Ok, let me clear my glass from the outset, I don’t drink beer. And no, it has nothing to do with being a Baptist. To my episcopalian skeptics I will retort by pointing out that for some years we had a group of ‘underground’ beer brewers at our Church!
Leaving my personal drinking preferences aside, connecting the Bible and beer isn’t that novel an approach. After all, according to Martin Luther the Reformers held a Bible in one hand and a beer in the other,
“I simply taught, preached, and wrote God’s Word; otherwise I did nothing. And then, while I slept, or drank Wittenberg beer with my Philip and my Amsdorf, the Word so greatly weakened the papacy that never a prince or emperor did such damage to it. I did nothing. The Word did it all.”
In what is possibly a first though, the Bible Society has joined arms with Coopers Brewery, with Coopers tagging 10,000 cartons of their light beer with a Bible verse, and with links to the Bible Society’s 200th anniversary. While Coopers may or may not benefit financially from this partnership is, I suspect, beside the point. One Aussie company is celebrating our nation’s oldest continuing organisation. There is nothing new about this; Aussie companies have noted and branded all kinds of Australian symbols and celebrations over the years, and this is just another…until one checks their twitter feed!
As part of the Bible Society’s anniversary, they have produced a series of short videos featuring Aussies discussing current topics. The first video was released this week with Federal MPs Tim Wilson and Andrew Hastie talking about same-sex marriage. Unlike the Bible versed cartons, Coopers Brewery has not sponsored the videos.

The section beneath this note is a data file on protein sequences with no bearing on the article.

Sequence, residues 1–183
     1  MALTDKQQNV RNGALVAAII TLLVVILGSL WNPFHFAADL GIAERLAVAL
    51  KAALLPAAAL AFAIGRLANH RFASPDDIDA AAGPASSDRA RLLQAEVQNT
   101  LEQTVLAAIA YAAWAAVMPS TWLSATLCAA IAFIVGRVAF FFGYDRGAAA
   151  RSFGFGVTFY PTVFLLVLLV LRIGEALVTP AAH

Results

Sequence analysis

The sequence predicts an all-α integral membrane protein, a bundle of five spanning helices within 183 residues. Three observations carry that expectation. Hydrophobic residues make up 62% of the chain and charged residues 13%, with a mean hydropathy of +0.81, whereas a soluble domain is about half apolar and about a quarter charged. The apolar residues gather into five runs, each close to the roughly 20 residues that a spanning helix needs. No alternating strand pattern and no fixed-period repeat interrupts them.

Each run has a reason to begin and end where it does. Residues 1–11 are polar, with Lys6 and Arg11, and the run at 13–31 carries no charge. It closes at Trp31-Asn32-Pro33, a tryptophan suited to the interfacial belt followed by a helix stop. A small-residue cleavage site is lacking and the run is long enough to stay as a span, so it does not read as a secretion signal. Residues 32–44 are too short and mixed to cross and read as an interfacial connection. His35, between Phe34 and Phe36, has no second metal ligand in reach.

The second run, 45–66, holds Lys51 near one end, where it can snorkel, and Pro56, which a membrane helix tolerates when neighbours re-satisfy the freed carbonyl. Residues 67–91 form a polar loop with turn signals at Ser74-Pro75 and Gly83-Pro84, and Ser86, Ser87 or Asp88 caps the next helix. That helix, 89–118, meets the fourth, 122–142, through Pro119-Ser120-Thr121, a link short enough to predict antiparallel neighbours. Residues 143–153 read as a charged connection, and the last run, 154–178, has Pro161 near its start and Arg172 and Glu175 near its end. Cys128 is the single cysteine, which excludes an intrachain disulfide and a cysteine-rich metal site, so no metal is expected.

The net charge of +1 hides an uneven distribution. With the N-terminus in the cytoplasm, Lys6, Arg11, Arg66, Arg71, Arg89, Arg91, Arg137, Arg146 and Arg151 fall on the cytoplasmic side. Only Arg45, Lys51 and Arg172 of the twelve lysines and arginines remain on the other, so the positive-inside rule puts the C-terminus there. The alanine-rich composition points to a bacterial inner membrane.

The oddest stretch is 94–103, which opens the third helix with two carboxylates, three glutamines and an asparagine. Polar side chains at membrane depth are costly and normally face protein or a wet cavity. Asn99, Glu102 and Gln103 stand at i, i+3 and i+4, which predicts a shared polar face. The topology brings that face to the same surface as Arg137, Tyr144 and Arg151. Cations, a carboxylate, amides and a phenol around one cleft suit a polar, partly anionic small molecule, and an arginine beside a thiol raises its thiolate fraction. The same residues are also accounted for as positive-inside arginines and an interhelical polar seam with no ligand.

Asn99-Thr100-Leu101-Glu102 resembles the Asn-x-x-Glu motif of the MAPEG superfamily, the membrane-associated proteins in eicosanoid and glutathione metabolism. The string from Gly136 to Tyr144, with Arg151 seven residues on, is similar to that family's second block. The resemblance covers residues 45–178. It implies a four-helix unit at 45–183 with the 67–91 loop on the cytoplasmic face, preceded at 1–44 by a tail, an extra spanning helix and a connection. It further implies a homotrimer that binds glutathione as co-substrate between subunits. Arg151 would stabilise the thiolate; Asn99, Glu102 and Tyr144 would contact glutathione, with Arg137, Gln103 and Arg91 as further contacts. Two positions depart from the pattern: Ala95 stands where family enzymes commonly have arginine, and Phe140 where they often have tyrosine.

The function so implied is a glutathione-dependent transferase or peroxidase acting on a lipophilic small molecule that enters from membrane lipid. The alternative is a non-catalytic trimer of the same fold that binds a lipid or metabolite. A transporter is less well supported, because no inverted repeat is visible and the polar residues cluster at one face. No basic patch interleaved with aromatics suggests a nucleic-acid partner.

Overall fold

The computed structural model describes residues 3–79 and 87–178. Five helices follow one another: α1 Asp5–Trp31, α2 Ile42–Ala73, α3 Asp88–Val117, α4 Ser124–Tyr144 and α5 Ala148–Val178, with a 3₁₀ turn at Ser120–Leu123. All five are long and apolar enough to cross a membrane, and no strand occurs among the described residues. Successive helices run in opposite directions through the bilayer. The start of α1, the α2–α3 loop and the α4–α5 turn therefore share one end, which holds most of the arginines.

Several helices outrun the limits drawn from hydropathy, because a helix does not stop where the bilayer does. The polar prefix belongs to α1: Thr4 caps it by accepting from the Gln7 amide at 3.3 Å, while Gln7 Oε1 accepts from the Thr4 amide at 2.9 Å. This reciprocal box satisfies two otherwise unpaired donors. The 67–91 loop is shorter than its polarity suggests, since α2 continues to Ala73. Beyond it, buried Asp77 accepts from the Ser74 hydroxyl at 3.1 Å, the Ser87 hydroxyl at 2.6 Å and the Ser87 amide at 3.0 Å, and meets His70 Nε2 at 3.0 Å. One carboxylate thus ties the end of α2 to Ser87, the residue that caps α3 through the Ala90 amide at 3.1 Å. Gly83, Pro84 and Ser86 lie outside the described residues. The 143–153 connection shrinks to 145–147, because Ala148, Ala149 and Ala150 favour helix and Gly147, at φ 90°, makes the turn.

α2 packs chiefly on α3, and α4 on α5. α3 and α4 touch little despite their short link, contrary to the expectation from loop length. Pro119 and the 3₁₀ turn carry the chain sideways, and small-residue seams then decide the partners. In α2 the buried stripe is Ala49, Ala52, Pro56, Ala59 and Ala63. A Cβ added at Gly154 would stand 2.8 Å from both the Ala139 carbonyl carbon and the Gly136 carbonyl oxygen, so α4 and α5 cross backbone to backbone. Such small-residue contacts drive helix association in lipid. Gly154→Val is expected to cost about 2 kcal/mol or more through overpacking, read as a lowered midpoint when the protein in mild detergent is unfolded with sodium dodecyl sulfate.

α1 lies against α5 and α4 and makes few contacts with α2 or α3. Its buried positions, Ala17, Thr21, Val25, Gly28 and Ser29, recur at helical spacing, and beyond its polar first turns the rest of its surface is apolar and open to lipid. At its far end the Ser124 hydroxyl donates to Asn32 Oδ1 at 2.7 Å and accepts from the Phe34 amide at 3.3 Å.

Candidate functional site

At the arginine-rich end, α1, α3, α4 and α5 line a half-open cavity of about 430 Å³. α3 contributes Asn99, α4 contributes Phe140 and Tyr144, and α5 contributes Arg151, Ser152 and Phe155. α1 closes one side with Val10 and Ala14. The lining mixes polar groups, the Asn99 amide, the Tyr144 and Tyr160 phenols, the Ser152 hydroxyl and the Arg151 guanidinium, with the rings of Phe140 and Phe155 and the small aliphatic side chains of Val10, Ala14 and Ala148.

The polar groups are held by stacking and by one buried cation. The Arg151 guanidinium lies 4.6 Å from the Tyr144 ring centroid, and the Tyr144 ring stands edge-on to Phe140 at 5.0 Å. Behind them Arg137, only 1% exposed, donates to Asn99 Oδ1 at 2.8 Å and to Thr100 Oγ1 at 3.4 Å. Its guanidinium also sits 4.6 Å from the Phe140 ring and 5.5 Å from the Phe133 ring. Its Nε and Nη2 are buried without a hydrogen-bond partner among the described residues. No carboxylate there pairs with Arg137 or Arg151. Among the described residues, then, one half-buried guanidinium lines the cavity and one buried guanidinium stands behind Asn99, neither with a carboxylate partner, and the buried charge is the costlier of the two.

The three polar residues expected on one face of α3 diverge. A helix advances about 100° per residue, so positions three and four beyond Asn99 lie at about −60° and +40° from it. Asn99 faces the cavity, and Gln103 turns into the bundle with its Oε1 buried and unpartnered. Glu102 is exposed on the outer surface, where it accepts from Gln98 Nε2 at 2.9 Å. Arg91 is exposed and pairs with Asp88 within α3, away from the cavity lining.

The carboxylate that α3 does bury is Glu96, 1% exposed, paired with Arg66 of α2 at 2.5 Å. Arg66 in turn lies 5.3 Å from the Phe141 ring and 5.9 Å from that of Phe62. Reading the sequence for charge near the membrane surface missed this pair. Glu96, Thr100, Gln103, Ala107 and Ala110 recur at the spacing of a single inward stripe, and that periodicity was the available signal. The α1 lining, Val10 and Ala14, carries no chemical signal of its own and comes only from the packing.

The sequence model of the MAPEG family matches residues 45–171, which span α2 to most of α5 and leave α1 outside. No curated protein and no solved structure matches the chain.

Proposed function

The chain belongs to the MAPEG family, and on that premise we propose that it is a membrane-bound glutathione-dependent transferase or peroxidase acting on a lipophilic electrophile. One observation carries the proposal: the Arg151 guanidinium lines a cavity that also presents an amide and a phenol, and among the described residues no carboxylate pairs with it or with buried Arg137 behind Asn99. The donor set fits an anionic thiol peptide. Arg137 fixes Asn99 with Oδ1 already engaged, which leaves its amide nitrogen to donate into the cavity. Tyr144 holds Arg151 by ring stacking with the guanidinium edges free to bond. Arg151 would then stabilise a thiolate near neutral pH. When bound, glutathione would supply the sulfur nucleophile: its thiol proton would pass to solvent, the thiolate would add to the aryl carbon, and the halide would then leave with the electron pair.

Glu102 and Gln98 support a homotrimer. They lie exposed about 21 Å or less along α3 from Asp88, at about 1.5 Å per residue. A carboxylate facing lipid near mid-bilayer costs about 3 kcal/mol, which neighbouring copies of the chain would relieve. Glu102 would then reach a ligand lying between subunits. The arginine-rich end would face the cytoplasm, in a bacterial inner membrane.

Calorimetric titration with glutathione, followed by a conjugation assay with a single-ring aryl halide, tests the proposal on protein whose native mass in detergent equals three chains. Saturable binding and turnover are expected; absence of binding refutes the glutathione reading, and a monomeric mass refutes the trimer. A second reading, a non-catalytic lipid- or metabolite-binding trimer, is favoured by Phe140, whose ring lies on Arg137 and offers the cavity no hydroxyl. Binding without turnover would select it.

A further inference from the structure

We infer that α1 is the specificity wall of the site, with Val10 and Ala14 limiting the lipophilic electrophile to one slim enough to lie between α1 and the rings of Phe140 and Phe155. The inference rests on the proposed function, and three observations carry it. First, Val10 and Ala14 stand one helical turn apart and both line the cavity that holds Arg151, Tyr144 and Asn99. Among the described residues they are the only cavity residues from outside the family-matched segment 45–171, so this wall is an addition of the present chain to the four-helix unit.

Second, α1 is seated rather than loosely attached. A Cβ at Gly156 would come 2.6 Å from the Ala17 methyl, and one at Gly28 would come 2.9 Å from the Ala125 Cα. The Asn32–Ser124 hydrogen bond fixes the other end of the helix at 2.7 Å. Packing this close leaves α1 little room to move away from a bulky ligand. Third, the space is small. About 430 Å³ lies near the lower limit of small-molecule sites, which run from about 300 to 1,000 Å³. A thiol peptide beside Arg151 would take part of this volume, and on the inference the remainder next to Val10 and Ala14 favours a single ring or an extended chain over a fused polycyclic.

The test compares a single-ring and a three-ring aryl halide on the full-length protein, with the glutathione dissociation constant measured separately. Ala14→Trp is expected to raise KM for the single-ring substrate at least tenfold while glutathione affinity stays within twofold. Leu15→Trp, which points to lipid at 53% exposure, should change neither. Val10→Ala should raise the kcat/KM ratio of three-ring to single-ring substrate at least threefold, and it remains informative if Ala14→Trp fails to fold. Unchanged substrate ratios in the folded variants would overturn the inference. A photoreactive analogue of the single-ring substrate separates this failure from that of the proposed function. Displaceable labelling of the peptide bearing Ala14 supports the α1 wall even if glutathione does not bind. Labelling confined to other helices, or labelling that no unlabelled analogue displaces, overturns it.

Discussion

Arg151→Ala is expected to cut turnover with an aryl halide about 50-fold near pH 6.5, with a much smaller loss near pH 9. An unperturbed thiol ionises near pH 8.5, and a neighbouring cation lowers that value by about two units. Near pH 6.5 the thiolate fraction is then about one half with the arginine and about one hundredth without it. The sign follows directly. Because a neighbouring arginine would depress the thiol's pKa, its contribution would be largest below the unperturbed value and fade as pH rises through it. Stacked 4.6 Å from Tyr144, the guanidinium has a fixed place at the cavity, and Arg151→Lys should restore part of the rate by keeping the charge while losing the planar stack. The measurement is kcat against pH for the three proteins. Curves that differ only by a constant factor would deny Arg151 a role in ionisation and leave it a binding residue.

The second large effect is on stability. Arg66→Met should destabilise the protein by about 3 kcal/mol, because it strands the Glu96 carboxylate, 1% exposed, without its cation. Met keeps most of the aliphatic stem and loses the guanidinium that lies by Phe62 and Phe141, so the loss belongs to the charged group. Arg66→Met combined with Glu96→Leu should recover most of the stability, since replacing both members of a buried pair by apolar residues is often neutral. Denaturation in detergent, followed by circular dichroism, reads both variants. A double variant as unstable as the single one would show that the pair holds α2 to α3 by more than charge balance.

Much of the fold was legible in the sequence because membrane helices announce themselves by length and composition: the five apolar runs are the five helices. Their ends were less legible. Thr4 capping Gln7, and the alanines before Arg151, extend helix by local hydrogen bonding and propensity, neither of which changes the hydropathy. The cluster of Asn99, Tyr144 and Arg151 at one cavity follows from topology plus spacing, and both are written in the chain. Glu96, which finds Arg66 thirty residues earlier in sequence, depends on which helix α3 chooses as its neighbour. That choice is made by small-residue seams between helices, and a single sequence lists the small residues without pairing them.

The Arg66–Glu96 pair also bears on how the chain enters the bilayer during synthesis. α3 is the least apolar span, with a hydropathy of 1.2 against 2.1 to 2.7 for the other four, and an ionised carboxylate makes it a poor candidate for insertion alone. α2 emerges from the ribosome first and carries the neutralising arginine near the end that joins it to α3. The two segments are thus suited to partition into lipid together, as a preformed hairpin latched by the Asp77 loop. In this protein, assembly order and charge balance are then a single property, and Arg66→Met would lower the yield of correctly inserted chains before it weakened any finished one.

Yes, the video is light hearted
Yes, it’s promoting the Bible. Is that so wrong?
Yes, it is staged, but that doesn’t make the two politicians any less genuine with their comments. I don’t know Andrew Hastie, but I have met Tim Wilson, and I found him to be a decent Aussie bloke, who is clear about what he believes and who is also willing to let others express their views.
I’m sure a lot of Aussies will appreciate the video for what it is, a nonchalant signal that Australians can still sit down and talk about real issues, without name calling and speaking down to the other. However, it was clear from my Sunday afternoon twitter feed that not everyone is so happy.
One Melbourne politician and LBGTI advocate tweeted, ‘Nothing ‘civil’ about homophobia, and that’s what opposition to LGBTI equality is. Boycott @coopersbrewery’
Christine Milne is calling for Aussies to boycott Coopers! It’s okay Christine, I never have.
Apparently we should never buy Coopers beer again, and the video reeks of homophobia. I’m not quite sure how that works given that Tim is openly gay and an advocate changing the marriage act.
It is sad to see how our society has reached the point where notable public figures have self-determined that civil discourse is no longer permissible unless it conforms with their particular brand of secular humanism.
I am not sure whether peoples grievance is over the fact that the Bible Society is behind the campaign or because two politicians have dared demonstrate a courteous disagreement about marriage. Either way, this short video breaks the narrative that social progressives would have the public believe, and for them, this is unforgivable.
When society no longer permits the dissenting voice, as reasonable and gracious as that voice may be, we have abandoned any true sense of the phrase ‘liberal democracy’, and we have entered a very dark and dangerous pathway to authoritarianism. I do hope that we can see the light and steer away from such a direction.
I am reminded of when Christianity first arose in Jerusalem and then spread to neighbouring regions, and eventually throughout the Roman Empire. The Acts of the Apostles records how the apostles and first Christians won over people with persuasion and reason, with impassioned argument and kindness. There may or may not have been a beer in hand, but there was often a Bible, and that is ok. Should we hide the reasons for our beliefs and values? Is not owning up to them a more honest and ultimately more productive approach to public discourse and dialogue? And who knows, maybe next time we’ll drink coffee instead!